Hospitals serving more minority patients provide less palliative care, study shows

Patients may receive less palliative care at U.S. hospitals primarily serving minorities, a study published in JAMA Network Open found.

Palliative care aims to improve quality of life for critically ill patients by relieving symptoms and pain.

"Because about 20 percent of hospitals in the U.S. care for nearly 90 percent of minority patients, we decided to look at these 'minority-serving hospitals,'" lead study author Dr. Alexander Cole, MD, told Reuters.

To do this, the researchers looked at data on more than 600,000 patients diagnosed with advanced cancers from 2004 to 2015 and treated at 1,500 U.S. hospitals. Overall, about 22 percent of patients received palliative care.

Race and ethnicity initially appeared to play a role, with 23 percent of white patients receiving palliative care compared to 20 percent of black patients and 16 percent of Hispanic patients.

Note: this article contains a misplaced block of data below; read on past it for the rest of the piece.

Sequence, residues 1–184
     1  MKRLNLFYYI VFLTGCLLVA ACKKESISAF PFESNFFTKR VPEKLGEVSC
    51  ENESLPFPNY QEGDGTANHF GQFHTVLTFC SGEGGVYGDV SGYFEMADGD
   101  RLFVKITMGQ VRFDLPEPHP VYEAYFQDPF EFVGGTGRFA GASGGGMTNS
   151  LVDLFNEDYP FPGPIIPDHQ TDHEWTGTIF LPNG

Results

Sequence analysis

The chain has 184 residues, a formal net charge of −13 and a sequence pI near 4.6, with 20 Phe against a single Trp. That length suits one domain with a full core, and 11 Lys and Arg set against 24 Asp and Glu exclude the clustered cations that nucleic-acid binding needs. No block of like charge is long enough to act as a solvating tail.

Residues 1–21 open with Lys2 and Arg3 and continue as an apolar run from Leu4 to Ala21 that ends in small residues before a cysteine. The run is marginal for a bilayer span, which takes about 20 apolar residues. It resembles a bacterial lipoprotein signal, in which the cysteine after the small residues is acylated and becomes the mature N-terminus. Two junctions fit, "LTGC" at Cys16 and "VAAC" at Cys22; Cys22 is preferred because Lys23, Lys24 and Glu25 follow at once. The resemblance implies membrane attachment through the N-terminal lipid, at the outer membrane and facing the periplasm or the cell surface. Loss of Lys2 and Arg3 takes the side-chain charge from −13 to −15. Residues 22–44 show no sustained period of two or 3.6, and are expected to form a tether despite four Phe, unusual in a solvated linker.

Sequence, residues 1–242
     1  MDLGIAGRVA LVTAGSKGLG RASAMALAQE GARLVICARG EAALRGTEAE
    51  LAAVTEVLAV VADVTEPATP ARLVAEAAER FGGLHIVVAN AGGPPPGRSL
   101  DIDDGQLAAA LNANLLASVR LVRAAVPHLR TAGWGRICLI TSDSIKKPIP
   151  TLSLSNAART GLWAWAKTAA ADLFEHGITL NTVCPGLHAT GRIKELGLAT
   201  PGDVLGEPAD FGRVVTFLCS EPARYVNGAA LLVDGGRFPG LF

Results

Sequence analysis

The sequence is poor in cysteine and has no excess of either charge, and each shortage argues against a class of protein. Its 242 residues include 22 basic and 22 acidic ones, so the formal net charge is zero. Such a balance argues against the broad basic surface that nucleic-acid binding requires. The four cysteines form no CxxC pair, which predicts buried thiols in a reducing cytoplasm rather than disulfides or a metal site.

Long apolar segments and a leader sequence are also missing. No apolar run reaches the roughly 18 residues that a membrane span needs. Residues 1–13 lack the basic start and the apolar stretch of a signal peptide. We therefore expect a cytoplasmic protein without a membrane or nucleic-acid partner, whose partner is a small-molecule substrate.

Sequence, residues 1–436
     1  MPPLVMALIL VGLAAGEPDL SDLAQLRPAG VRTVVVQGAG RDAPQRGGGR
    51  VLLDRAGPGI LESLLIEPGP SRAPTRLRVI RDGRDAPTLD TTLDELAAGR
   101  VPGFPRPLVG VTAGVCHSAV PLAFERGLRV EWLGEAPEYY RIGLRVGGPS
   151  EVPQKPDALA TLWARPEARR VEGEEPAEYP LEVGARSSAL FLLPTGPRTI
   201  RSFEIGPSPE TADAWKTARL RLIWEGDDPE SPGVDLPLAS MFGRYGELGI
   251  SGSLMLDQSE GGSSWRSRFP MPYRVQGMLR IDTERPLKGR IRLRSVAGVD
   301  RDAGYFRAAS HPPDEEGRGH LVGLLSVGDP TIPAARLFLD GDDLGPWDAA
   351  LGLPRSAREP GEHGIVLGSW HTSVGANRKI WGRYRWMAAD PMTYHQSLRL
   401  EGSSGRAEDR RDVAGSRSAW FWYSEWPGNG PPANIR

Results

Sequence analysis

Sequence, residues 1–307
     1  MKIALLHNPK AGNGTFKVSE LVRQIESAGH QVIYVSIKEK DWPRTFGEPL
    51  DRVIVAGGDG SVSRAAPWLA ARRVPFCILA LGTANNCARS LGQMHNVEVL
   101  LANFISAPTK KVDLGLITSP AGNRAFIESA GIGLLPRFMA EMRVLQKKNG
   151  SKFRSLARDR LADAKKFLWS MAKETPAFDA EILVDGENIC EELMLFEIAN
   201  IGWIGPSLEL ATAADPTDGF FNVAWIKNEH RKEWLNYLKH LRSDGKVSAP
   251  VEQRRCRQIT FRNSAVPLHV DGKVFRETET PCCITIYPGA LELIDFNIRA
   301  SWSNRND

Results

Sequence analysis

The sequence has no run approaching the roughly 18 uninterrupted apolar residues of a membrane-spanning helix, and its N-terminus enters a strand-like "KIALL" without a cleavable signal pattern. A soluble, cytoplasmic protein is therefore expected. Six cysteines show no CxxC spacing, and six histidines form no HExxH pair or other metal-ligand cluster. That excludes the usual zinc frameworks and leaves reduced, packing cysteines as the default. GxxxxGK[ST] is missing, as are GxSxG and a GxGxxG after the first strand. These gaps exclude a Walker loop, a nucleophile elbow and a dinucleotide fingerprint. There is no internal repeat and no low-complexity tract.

However, when the researchers compared palliative care access at the 150 hospitals with the most nonwhite patients to what happened elsewhere, they found patients treated at the minority-serving hospitals were 33 percent less likely to receive palliative care, regardless of race or ethnicity.

Although 22 percent of patients got palliative care overall, only 18 percent did at minority-serving hospitals.

"In other words, the significant racial and ethnic disparities in receipt of palliative care may be largely explained by differences in where minority patients are receiving care," Dr. Cole said.

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